While the fate of any initiative campaign depends on the political landscape of that state at that moment, Bender says that several forces aligned to crush environmental initiatives during the early 1990s. America was slipping into a recession and into a war in the Persian Gulf. Americans became increasingly leery about voting for anything that could raise taxes or cost money. The press became similarly conservative.
"When Iraq invaded Kuwait, environmental coverage disappeared," says David Schmidt, who had been leading a California initiative against clearcutting called Forests Forever. "It was sudden, dramatic and total."
Waking a sleeping giant
At the same time, the extractive industries woke up to the damage that initiatives could do to both their profits and their reputations. They decided that it would set a bad precedent if they were painted as polluters in one state, even if their business was in another, says Sally Cross of the Oregon Natural Resources Council. Cross worked on a 1992 Oregon initiative to make strip-mining companies clean up their waste. Initiative promoters were outspent 20 to 1, and much of that money came from Nevada mining companies. In California, the logging, oil, pesticide and gas industries placed counter-initiatives on the 1990 ballot - dubbed "Big Brown" and "Stumps Forever" by opponents - confusing voters about which initiatives would help the environment.
Of course, both sides misrepresent the issues, but in the age of TV, the power to misrepresent comes in a sound bite and is bought with money. Some initiatives to create open space still pass - such as Colorado's GOCO in 1992, which allocated state lottery money to buy land. But most initiatives challenging a resource-based industry since 1990 have been smothered by the opposition's money. Their consultants drill holes in environmental propositions by calling them too confusing, costly or complex, says Bender, and they outspend environmentalists by up to 46 to 1 to get their message on the airwaves and into mailboxes.
In 1990, packaging companies defeated a popular recycling initiative in Oregon by airing an ad with a close-up of a dead fish on a styrofoam platter. "Salmonella, botulism ...," said the voice-over, warning that public health was at risk if certain packagings were banned. Industry had out-sensationalized environmentalists.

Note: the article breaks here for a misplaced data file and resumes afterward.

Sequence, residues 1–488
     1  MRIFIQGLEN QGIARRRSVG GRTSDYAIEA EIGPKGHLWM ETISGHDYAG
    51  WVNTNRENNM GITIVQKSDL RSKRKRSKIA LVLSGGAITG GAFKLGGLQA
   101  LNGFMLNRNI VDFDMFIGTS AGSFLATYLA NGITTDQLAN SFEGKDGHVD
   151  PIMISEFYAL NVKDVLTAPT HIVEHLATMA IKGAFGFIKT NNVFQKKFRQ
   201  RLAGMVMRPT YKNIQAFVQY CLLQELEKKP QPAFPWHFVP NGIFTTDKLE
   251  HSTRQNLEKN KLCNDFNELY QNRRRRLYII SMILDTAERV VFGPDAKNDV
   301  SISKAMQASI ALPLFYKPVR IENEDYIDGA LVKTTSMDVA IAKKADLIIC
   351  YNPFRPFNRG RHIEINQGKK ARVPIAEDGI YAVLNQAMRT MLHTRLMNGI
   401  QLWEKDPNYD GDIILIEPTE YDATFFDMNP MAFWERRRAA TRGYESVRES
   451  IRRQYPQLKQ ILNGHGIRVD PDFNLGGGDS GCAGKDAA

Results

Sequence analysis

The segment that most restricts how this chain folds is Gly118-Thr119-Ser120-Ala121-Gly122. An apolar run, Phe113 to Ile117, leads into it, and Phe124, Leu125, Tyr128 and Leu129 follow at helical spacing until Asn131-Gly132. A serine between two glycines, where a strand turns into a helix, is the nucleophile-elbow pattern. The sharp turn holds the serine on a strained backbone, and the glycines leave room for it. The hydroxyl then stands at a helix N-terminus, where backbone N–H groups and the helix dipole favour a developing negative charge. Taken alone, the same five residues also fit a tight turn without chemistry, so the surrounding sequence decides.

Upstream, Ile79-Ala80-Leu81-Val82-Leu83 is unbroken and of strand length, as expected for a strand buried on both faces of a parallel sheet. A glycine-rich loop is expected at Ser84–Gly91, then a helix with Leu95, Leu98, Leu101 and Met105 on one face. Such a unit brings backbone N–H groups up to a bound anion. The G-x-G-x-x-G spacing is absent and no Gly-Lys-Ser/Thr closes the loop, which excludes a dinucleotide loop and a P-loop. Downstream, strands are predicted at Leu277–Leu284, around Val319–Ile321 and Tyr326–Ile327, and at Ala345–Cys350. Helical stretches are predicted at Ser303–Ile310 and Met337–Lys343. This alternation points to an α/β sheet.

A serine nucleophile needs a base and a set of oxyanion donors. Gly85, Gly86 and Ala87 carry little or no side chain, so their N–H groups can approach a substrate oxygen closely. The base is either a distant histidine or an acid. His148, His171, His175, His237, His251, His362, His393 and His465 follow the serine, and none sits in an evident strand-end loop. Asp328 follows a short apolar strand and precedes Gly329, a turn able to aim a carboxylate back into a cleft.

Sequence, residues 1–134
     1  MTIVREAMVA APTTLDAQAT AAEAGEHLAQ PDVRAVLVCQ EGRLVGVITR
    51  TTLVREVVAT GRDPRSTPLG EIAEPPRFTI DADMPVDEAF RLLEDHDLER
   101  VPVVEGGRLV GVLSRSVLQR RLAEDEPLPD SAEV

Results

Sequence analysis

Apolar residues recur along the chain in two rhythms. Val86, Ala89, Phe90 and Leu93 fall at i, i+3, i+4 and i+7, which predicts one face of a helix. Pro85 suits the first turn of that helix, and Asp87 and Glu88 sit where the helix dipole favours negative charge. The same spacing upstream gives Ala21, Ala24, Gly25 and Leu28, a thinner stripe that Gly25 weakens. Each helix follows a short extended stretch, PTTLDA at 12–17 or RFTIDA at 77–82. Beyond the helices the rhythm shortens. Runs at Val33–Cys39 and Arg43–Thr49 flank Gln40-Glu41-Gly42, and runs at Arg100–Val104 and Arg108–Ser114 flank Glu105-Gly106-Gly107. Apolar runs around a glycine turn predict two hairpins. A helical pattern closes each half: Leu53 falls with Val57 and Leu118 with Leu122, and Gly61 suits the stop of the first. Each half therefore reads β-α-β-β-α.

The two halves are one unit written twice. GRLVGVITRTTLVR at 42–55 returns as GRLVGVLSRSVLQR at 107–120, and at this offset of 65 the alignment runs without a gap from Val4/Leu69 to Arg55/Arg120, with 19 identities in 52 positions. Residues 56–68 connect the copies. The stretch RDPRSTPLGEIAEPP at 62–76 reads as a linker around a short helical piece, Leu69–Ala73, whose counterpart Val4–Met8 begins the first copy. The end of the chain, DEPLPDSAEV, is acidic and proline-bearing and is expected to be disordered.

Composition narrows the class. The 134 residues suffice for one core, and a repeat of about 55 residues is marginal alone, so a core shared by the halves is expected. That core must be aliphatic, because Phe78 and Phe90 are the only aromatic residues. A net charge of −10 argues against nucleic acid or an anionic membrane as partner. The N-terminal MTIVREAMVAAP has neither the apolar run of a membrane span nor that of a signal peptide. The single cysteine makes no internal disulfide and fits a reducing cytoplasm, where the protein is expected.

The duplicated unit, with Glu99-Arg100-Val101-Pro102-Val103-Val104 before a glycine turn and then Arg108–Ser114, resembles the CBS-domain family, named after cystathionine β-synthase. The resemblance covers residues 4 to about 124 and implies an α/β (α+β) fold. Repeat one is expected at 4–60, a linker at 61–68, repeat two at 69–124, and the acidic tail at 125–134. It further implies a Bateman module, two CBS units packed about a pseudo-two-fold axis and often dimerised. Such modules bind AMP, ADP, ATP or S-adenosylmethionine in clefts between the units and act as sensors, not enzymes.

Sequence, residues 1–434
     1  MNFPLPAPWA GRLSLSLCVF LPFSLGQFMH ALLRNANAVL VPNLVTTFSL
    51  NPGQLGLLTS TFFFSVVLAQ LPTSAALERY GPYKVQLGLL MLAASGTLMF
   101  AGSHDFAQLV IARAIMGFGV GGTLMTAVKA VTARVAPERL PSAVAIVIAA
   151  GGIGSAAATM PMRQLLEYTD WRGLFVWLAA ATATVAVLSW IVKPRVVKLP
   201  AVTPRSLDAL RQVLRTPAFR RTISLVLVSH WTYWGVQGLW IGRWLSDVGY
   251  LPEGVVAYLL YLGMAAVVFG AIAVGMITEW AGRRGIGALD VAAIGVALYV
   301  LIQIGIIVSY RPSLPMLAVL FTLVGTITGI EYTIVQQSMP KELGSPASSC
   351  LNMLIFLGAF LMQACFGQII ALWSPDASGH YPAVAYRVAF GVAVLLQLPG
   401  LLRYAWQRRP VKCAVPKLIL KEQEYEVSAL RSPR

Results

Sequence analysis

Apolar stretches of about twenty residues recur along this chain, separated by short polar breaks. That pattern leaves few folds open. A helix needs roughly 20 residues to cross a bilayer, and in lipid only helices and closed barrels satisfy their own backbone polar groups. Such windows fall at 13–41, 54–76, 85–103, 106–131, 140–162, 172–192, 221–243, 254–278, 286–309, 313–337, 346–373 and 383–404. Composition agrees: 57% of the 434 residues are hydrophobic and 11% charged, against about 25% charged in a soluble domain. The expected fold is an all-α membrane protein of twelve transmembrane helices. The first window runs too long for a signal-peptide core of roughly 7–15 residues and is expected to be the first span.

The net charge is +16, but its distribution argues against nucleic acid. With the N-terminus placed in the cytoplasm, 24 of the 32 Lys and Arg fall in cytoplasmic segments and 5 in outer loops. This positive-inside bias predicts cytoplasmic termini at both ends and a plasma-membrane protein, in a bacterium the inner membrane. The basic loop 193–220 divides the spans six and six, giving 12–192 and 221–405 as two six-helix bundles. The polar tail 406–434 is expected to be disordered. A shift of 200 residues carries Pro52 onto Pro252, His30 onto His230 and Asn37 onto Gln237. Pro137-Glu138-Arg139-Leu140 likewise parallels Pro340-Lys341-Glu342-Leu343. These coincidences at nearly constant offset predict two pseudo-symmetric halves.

"The opposition has purchased the public's fear," says Maureen Kirk of the Oregon State Public Interest Research Group, who worked on the campaign. "We need to be extremely calm in our response."
Environmentalists weren't only being outspent, they were also being out-strategized. Conservatives had discovered that by running initiative campaigns on any number of "hot button issues," such as gay rights, private property "takings," abortion or school vouchers, they could bolster their membership, increase voter turnout for favored candidates and force the opposition to take time and money away from their own candidates to counter the attack. Winning the initiative was gravy.
Grover Norquist, a close ally of Newt Gingrich and president of the initiative group Americans for Tax Reform, exposed this strategy in a 1992 article, "Prelude to a Landslide," which linked the Republican 1994 congressional takeover to conservative ballot initiatives. Since then, Norquist has staged a monthly conference call offering strategy tips to organizers of an array of conservative initiatives.
"The conference calls are extremely helpful. We can get initiative and referenda activists and people who are experts on the phone together," says Norquist's aide Kolt Jones, who adds that his tax reform group coordinates anti-gay, takings, anti-abortion and parental-rights initiatives because they "are all key to reforming the ways the states give special treatments." The "star" initiative of the network this year, says Jones, is a California initiative that would eliminate all affirmative action from all public institutions.
The upshot of this national coordination from the right is that, instead of offering their own measures, environmentalists have to struggle to defend the status quo. A year after Joni Bosh and others held the property-rights movement at bay in Arizona, organizers in Washington had to rally against a takings initiative.